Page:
Using the extremely vague description provided by AG Shapiro, almost any chunk of material (metal, polymer, etc.) could be considered a firearm and he and his anti-gun cronies can use this precedent to destroy our freedoms one step at a time.

 

Virginia Gov. Seeks Gun Registration As Down Payment On Gun Confiscation

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Virginia Governor proposes harsh firearm legislation. READ MORE

northam

SOURCE: NRA-ILA

Virginia Gov. Ralph Northam (D) must think that Old Dominion gun owners are stupid… After months of Northam and his Michael Bloomberg-backed General Assembly allies advocating for the enactment of gun confiscation legislation, the governor has told the Virginia Mercury that he will support a gun ban bill that would grandfather currently possessed firearms but require owners to register the newly-prohibited firearms with the government. As astute gun owners know, gun registration facilitates gun confiscation. Northam wants law-abiding gun owners to register their guns with the same people who have already stated that they want to confiscate them.

The evidence is clear: Virginia politicians want to confiscate your firearms.

On June 4, an embattled Gov. Northam announced a special session of the General Assembly in order to enact a raft of gun control legislation. During his remarks, the governor expressly said that “I will propose many of the same ideas that we have proposed before… A ban on assault weapons…”

On July 8, Del. Mark H. Levine (D-45) delivered for Northam and pre-filed gun ban bill HB 4021. The legislation garnered 23 cosponsors. That same day Sen. Adam P Ebbin (D-30) pre-filed the identical SB 4024, which attracted 16 co-sponsors.

The legislation would have banned the importation, manufacture, sale, transfer, and possession of what it termed “assault firearms.” The term was defined to include any semi-automatic centerfire rifle with a fixed magazine capacity in excess of 10 rounds or any semi-automatic centerfire rifle that has the ability to accept a detachable magazine and has one of several enumerated features. These features included, a folding or telescoping stock, a pistol grip, a thumbhole stock, a second handgrip, a bayonet mount, a silencer, a flash suppressor, a muzzle brake, a muzzle compensator, or a threaded barrel. The legislation also would have banned commonly-owned semi-automatic shotguns and centerfire pistols with any one of several prohibiting features.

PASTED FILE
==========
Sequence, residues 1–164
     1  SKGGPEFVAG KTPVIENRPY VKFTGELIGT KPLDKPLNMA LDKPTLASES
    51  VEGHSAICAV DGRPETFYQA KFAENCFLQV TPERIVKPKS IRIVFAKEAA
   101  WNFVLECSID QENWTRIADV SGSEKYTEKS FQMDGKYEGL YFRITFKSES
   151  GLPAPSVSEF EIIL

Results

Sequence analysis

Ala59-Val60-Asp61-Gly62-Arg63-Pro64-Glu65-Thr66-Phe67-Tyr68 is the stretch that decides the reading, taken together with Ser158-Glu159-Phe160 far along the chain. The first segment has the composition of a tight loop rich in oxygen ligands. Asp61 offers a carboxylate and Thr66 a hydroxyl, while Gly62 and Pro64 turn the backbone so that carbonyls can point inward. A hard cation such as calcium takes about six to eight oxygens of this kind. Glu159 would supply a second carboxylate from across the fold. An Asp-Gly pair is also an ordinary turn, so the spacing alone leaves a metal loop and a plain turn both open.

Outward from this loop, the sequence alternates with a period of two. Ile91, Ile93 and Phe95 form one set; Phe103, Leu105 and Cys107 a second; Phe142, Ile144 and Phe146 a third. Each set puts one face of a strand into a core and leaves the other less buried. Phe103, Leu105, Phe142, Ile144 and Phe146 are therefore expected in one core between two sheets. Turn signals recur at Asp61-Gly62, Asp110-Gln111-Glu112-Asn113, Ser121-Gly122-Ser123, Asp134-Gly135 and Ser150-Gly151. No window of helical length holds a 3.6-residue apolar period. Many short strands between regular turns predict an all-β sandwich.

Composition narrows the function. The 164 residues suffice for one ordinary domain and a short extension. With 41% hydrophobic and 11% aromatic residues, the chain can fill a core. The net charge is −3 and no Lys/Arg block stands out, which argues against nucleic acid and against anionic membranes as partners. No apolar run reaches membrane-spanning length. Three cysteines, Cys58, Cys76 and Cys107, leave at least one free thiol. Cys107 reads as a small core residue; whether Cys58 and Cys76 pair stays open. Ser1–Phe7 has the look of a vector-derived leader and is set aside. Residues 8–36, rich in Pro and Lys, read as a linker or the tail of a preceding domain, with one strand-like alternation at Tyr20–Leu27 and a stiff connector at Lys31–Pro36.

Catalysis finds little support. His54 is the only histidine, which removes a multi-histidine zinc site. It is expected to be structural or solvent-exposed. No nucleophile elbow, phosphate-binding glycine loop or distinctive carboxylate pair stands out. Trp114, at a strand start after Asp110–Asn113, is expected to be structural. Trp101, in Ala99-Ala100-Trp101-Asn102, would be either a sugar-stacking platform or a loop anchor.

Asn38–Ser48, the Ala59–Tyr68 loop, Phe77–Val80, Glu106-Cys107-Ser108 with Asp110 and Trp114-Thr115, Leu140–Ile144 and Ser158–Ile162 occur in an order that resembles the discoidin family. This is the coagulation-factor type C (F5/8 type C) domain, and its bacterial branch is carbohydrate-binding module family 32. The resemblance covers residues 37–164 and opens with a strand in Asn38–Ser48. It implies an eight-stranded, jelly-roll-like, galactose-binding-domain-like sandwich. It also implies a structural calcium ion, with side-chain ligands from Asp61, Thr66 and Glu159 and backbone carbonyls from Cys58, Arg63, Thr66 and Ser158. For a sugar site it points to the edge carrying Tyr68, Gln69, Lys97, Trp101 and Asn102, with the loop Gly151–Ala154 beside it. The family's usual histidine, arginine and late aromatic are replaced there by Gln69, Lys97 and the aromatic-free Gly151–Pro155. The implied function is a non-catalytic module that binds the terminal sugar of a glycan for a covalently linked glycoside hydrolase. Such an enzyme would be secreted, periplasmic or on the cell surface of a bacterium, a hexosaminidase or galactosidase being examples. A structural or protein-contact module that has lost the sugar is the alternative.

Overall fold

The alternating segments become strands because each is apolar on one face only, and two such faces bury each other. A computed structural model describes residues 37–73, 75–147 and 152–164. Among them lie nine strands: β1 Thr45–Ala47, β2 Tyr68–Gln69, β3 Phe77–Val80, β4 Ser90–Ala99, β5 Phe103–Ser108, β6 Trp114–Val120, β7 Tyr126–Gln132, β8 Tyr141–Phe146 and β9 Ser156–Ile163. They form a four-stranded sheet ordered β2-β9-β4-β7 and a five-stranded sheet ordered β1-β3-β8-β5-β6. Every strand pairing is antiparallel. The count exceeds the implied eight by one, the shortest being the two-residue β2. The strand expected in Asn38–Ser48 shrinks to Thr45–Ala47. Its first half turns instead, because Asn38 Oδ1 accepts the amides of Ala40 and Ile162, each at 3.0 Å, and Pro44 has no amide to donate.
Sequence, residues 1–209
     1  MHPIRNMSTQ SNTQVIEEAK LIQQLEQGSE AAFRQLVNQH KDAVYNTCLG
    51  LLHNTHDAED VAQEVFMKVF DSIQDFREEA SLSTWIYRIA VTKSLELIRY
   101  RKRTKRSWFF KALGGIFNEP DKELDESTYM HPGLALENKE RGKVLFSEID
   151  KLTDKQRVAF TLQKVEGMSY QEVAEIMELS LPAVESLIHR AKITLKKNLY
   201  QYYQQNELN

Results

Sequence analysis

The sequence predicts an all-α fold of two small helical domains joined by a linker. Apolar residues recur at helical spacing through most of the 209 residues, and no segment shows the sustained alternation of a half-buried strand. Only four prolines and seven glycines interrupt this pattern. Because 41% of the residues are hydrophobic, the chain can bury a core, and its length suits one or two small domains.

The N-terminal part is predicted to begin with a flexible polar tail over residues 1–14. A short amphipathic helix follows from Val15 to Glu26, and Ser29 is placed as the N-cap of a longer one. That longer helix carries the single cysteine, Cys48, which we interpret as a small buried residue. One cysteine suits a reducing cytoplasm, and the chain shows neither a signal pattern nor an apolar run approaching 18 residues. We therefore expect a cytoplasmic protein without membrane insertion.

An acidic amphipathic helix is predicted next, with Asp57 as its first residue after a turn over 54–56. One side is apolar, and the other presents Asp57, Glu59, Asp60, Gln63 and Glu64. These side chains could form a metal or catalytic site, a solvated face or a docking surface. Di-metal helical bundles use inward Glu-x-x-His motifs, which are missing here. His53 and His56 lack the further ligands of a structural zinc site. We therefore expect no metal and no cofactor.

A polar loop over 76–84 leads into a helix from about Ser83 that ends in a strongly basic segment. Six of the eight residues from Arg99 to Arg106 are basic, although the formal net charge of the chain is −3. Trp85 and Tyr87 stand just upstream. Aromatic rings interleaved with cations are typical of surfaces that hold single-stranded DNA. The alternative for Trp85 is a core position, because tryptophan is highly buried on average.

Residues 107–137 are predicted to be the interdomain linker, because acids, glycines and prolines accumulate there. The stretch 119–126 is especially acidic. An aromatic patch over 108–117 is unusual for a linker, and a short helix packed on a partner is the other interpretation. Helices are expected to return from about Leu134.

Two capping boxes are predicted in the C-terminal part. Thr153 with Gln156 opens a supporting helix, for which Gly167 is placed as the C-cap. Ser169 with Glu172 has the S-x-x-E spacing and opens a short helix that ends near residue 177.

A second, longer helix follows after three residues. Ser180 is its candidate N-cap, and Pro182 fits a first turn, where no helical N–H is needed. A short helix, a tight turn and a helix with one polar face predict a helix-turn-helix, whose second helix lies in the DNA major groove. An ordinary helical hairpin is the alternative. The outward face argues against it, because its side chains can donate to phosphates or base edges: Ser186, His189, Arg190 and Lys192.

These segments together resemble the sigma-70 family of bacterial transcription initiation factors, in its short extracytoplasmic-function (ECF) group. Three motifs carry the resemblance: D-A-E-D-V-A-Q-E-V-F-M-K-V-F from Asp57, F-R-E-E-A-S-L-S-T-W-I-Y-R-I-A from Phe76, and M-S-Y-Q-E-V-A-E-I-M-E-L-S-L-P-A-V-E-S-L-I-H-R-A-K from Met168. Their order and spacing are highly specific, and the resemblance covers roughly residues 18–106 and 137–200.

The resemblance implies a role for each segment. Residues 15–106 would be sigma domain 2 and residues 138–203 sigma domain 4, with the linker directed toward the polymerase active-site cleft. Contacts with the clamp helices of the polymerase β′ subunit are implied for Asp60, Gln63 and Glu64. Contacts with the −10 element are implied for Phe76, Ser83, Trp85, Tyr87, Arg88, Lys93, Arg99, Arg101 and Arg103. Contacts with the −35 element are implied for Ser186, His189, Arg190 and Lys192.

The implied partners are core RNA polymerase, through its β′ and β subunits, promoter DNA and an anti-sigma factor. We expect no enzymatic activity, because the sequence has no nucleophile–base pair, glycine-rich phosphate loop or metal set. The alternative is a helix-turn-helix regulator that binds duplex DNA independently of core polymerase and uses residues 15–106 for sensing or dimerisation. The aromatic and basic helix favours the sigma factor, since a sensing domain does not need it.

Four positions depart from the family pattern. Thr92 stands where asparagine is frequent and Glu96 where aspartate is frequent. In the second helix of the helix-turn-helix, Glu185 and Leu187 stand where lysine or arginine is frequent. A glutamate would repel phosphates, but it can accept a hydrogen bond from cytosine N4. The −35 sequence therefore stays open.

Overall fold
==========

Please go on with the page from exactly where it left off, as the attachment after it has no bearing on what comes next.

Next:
As Levine and Ebbin’s legislation prohibited possession of these firearms, the bills, which were drafted at Northam’s request, were firearms confiscation.

On November 18, Sen. Richard L. Saslaw (D-35) pre-filed SB 16 for the 2020 session. This legislation would ban the same types of commonly-owned semi-automatic firearms as HB 4021 and SB 4024. Again, as the bill would ban the possession of these firearms, it is gun confiscation.

Northam is misleading the public
Discussing the governor’s proposed ban, Northam Spokeswoman Alena Tarmosky told the Mercury, “In this case, the governor’s assault weapons ban will include a grandfather clause for individuals who already own assault weapons, with the requirement they register their weapons before the end of a designated grace period.”

The website also reported,

The Northam-backed plan mirrors the federal assault weapon ban passed in 1994, which included a grandfather clause for weapons that were legally owned when the legislation was enacted. The federal ban expired in 2004.

It’s not clear whether the Mercury has been misled by Northam’s staff or whether the paper is misinformed on the matter of gun law in general, but this paragraph is directly contradicted by Tarmosky’s statement.

Under the 1994 Clinton assault weapons ban, gun owners could continue to possess and transfer prohibited firearms that were lawfully possessed prior to the ban. In direct contrast to the purported Northam proposal, the federal ban had no firearm registration requirement.

The details of Northam’s gun ban have yet to be released. However, the Clinton ban’s prohibiting criteria were far different than what has been proposed by Northam’s General Assembly allies. Whereas the proposed Virginia legislation would ban commonly-owned semi-automatic firearms with only one offending feature, the “assault weapon” definition under the 1994 federal ban required that a firearm have two prohibiting features. Further, the enumerated prohibited features under the Virginia legislation are far broader and include such innocuous characteristics as thumbhole stocks.